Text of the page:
Here it must always be examined in the individual case whether it concerns such a compensation payment. It is important that the job does not necessarily have to be eliminated. As already described at the beginning, such privileged extraordinary income can also be seen, for example, in the case of reduced hours and similar constellations as compensation for lost income.
Even inventor compensation has already been considered as a tax-advantaged compensation benefit. (Cf. Ruling of the BFH of 29.02.2012 to the file number IX R 28/11.)

It is also very important that the compensation payment accrues in a single assessment period, because only then can the unfair tax progression be reckoned with. If, on the other hand, the payment is spread over several assessment periods, the application of the one-fifth rule is usually ruled out. Exceptions have been allowed by the Federal Fiscal Court for cases in which supplementary compensation payments have been made in later assessment periods out of social welfare. (Cf. this is the case law of the BFH from the rulings of 14. August 2001 to the reference number XI R 22/00 as well as of the 24. January 2002 on the case number XI R 43/99.)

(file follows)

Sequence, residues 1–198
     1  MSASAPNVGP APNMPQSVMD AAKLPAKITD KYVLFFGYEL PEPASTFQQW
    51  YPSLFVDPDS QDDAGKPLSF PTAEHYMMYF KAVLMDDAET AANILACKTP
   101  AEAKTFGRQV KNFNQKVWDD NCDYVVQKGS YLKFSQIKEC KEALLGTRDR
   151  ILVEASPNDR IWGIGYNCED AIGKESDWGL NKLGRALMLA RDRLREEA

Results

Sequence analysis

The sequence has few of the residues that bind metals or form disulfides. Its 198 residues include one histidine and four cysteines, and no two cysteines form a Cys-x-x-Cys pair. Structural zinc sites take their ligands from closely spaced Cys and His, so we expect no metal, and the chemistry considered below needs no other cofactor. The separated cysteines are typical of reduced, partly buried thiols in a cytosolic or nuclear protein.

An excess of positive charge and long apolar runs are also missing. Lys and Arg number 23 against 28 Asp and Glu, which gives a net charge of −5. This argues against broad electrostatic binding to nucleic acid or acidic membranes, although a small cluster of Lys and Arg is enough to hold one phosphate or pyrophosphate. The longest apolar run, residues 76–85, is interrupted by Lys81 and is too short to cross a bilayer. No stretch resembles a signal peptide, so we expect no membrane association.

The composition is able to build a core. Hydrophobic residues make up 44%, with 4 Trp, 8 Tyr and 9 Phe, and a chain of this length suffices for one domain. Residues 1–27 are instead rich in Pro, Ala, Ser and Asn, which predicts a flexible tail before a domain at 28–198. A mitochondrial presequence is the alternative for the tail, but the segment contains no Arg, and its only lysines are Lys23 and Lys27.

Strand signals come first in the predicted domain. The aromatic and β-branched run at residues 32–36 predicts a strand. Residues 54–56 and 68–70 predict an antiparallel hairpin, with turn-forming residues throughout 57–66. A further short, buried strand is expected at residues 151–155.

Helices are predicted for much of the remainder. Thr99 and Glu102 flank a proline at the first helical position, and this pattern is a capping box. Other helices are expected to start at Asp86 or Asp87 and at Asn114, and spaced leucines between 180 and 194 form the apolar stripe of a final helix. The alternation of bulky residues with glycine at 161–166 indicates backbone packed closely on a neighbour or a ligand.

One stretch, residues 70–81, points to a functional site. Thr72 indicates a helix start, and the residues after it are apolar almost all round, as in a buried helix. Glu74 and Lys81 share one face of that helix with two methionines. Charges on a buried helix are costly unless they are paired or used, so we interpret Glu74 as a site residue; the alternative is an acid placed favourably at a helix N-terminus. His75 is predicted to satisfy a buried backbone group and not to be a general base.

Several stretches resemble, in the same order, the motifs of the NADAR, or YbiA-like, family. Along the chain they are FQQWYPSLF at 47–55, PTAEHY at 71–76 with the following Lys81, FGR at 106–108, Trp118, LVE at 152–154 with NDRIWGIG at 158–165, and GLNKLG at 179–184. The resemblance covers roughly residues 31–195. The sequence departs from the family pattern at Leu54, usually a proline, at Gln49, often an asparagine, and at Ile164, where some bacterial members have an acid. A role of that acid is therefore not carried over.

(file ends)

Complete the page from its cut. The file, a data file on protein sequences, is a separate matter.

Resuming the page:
4. Does the application of the Funftelregelung lead to a lower income tax than the regular taxation?

The quintuple regulation is a "more favorable examination. Only if its use makes the person concerned better off from a wage tax point of view, it may be applied. The regulation may defeat its purpose, especially in the case of very high incomes. In detail, the following calculation is performed: